GOP Takes Ballot Issue to High Court
GOP Takes Ballot Issue to High Court
Oct. 03, 2002
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WASHINGTON (AP) _ Republicans appealed to the Supreme Court Thursday in hopes of keeping New Jersey Democrats from replacing Sen. Robert Torricelli on the ballot barely a month before the November elections.
Sen. William Frist, chairman of the Senate GOP campaign committee, delivered the request by hand. Republicans want the Supreme Court to block a unanimous ruling from New Jersey's highest court.
The New Jersey court ruled Wednesday that Democrats may place popular former Sen. Frank Lautenberg on the ballot in place of Torricelli, who was admonished by the Senate this summer after an ethics investigation.
Torricelli said Monday he was dropping out of the campaign against Republican challenger Douglas Forrester out of concern that his party would lose control of the narrowly divided Senate.
Republicans want the high court to rule the New Jersey ruling unconstitutional on grounds that a court and not a state legislature set the ``times, places and manner'' of a congressional election.
The filing also contended that the state court decision could improperly strip voting rights from New Jersey residents overseas, such as those serving abroad in the military. Some ballots have already been mailed with Torricelli's name on them.
``It is clear that the New Jersey Supreme Court overstepped their authority, overriding the will of the people,'' Frist said after delivering the paperwork. ``The change and switch on the ballot is illegal.''
There was no immediate word on whether the high court would block the ballot move, or hear the Republicans' broader appeal. GOP election lawyers said they expect an answer within two days.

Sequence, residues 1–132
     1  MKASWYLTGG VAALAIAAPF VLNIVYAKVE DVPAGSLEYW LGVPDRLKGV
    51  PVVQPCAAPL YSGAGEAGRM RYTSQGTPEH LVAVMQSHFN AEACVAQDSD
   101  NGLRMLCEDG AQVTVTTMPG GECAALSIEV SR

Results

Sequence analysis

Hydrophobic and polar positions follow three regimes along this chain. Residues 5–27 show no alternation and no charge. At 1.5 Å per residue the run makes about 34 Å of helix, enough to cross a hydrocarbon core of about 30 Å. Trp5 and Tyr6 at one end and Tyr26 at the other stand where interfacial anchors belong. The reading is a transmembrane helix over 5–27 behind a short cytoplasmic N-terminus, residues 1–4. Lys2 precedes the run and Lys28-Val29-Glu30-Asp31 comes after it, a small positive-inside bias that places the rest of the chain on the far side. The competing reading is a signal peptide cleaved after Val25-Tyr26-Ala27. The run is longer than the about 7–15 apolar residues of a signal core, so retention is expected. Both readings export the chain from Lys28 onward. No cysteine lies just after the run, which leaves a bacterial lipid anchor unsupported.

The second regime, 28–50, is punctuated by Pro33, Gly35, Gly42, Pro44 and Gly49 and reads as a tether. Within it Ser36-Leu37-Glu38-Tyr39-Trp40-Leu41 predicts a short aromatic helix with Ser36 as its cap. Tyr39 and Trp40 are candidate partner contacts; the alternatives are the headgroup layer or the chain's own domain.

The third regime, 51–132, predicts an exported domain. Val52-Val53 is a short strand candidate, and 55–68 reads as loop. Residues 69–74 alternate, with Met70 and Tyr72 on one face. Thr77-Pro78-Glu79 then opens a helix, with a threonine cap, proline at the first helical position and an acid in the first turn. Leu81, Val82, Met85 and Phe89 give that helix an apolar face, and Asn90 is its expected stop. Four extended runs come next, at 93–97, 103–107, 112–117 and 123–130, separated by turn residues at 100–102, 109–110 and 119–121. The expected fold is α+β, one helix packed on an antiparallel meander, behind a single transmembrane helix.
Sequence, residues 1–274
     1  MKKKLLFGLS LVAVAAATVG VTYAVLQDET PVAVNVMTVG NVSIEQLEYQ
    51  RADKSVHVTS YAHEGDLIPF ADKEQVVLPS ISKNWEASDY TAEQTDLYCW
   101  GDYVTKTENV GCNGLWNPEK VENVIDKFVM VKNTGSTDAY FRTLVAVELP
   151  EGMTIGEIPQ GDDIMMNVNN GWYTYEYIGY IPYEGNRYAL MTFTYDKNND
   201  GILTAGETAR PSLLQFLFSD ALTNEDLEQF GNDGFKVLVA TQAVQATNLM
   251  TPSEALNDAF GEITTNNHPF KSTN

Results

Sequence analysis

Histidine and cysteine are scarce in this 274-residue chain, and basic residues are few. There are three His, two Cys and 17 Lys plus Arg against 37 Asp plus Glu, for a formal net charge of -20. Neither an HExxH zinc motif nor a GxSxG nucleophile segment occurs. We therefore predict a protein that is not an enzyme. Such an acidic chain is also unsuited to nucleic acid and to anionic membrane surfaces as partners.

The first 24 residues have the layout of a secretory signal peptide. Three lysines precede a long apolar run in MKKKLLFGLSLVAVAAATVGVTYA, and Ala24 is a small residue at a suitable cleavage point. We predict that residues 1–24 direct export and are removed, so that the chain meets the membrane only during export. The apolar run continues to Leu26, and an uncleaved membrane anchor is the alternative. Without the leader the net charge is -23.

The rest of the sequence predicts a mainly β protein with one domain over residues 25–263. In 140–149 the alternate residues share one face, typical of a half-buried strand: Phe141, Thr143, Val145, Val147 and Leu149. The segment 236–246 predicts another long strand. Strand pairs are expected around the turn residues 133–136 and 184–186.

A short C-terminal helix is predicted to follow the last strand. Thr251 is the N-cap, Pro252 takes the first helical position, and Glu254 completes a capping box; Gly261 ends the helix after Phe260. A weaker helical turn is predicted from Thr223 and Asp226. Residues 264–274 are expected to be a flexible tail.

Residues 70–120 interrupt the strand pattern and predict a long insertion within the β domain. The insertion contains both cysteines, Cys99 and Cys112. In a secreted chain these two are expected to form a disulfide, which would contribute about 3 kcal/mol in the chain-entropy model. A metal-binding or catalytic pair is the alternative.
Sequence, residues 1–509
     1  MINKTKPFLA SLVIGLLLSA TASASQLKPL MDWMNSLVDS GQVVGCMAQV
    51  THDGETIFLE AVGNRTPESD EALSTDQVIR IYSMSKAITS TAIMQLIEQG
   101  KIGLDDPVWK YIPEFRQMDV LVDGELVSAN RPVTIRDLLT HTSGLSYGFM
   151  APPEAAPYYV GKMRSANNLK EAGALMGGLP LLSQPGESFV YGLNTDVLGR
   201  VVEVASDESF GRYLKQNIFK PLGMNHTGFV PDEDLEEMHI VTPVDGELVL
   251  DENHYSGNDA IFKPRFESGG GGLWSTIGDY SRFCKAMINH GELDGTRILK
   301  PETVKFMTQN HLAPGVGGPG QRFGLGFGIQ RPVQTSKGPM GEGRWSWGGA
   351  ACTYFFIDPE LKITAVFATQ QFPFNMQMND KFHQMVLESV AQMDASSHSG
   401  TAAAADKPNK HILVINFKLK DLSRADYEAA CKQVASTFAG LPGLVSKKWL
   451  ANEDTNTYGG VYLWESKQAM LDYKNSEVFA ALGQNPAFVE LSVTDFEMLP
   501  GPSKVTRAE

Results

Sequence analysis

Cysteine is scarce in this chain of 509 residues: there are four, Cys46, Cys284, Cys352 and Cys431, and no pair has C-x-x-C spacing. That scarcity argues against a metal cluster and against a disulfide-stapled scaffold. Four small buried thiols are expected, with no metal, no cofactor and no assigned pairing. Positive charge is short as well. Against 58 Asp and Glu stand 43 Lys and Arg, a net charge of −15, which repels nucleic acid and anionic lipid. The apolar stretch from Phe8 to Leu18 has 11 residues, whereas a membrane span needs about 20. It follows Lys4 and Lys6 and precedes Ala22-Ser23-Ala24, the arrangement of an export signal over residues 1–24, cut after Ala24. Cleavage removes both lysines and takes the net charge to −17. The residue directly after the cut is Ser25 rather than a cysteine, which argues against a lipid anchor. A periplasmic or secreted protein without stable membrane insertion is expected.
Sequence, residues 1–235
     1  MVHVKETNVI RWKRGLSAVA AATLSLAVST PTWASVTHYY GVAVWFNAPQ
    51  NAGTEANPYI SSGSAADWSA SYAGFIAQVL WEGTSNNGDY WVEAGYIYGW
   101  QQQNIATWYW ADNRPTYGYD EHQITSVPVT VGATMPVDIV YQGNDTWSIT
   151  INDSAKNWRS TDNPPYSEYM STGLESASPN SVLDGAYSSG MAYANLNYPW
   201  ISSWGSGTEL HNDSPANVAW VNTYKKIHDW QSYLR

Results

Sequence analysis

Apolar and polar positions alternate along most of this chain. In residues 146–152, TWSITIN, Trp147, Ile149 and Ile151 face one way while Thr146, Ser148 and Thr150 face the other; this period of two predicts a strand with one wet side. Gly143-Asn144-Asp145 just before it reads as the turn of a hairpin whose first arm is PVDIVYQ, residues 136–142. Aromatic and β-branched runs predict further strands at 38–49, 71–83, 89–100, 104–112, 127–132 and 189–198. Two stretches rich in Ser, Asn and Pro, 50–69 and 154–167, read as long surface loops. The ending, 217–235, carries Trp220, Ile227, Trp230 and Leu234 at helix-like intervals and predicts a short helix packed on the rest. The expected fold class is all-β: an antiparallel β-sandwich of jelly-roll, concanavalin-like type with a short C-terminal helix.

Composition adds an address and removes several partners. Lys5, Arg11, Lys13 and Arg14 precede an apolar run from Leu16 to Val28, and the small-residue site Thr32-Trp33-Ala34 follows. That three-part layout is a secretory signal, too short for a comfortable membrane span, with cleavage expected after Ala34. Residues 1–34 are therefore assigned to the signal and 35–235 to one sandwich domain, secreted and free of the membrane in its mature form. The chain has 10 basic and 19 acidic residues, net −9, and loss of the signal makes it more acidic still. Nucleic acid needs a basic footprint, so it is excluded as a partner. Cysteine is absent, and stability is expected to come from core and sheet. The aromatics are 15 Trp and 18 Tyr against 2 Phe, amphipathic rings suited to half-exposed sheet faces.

The request was addressed first to Justice David H. Souter, who handles appeals from New Jersey.
Democrats control the Senate by one seat, so the New Jersey race could be key in the Nov. 5 elections.
The 2000 presidential election set a precedent for the Supreme Court to get involved in state election fights, the GOP argued.
The high court heard two election-related cases after the too-close-to-call voting that year. The decisive Bush v. Gore case ended ballot recounts in Florida sought by Democrat Al Gore, and effectively called the election for George W. Bush.
``If the lower court ruling is allowed to stand, political parties will be encouraged to withdraw losing candidates on the eve of election, replacing them with candidates who have not gone through the rigors of the nomination process in hopes of snatching victory from the jaws of defeat,'' the GOP filing said.
Republicans argue it's too close to Election Day to replace Torricelli and the Democrats should not be allowed to dump a candidate just because he seems to be trailing.
New Jersey law bars replacement of candidates less than 51 days before an election, the GOP said. Torricelli withdrew 36 days before Election Day.
But the New Jersey court _ composed of four Democrats, two Republicans and an independent _ said it was more important to have a ballot ``bearing the names of candidates of both major political parties'' and that state law didn't rule out the possibility of a vacant candidacy within 51 days of the election.
Lautenberg, 78, who was chosen Tuesday by party leaders to replace Torricelli, greeted commuters Thursday morning in Hoboken. He then traveled to Washington, where he planned to met with Senate Majority Leader Tom Daschle.
Torricelli voted on the Senate floor during the day Thursday for the first time since his campaign abdication. He and Lautenberg have a well-chronicled personal dislike for one another, but he said he would do ``everything I can to get Frank Lautenberg elected'' and was exploring ways of making his remaining campaign funds available.
Asked whether his commitment included a willingness to resign _ a step that would permit Gov. James McGreevey to appoint Lautenberg to the seat _ Torricelli bristled. ``You're irresponsible,'' he replied.
In New Jersey, Mercer County Superior Court Judge Linda R. Feinberg ordered Democrats to pay the court $800,000 by noon Friday to cover initial costs of reprinting ballots and mailing new absentee ballots.
The state's 21 county clerks were also ordered to detail how many ballots have been printed, mailed and already received.
On the Net:
Forrester campaign: http://www.forrester2002.com
New Jersey Democrats: http://www.njdems.org